For more than two decades, we at the “Special Needs” Planning Group have assisted countless families, lawyers and planning professionals in the preparation of plans that will ensure a decent quality of life for people with disabilities. Our program helps to develop the plan before the death of the parents and continues to provide support after they have passed. The well being of people with disabilities is being enhanced through our plan. We call this plan The “Special Needs” Plan©. It has evolved to the point where it addresses the needs and concerns of parents of people with disabilities, the people themselves and the needs of the Trustees left behind. The following segment of the web site will describe some of the basics of that program.
Every family is unique. Because of this, there are no two “Special Needs” Plans that are exactly alike, so, to describe a “typical” plan is difficult. However, there are common items which are found in most plans that are created in conjunction with The “Special Needs” Planning Group. Typically, these plans will contain the following:
1) Last Will and Testament: The Will is a crucial part of the “Special Needs” Plan. It spells out how you want your estate to be distributed after your death, and it usually establishes the Henson Trust.
2) Henson Trust: Virtually all “Special Needs” Plans will contain a Henson Trust. This is the vehicle which, under current regulations, allows us to leave money for the benefit of our sons and daughters with disabilities without preventing them from participating in the Ontario Disability Support Program. It also becomes the primary source of quality of life funding for our sons or daughters with a disability after we have passed on.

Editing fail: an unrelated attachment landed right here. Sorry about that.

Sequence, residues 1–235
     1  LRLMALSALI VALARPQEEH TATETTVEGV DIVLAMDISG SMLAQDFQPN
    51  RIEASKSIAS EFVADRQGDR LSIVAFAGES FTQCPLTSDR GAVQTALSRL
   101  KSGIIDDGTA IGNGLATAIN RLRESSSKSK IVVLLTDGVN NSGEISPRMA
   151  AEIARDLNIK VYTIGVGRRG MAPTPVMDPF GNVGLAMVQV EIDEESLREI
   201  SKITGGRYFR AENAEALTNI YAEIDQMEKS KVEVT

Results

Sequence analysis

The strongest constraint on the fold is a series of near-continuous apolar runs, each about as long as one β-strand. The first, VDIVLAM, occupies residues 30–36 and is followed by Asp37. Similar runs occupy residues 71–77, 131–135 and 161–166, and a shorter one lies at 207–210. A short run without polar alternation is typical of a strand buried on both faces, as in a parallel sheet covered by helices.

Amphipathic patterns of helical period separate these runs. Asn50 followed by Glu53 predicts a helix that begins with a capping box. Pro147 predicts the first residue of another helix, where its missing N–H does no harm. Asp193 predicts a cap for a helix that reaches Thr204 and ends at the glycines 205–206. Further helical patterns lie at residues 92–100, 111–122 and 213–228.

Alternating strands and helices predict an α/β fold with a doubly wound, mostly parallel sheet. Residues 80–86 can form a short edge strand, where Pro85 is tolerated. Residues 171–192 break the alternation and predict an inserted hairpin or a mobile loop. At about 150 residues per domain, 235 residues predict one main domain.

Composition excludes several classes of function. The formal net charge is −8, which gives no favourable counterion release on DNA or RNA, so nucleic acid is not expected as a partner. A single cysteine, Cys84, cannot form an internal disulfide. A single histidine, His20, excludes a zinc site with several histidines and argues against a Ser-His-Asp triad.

3) Powers of Attorney: Parents of people with disabilities should ensure that Powers of Attorney for Property and for Medical care are established for themselves. This will ensure that care for their own needs will be available if they should become incapacitated in the future. In some cases, the person with the disability should also establish Power of Attorney for themselves.
4) Registered Disability Savings Plan: The RDSP is an component of the Special Needs Plan. It may provide additional support to the quality of life of a person with a disability in the long term. The funds that are withdrawn from the fund have some restrictions as to timing and amount but they can be used for any purpose. A full description of the RDSP can be found at the RDSP tab of this web site.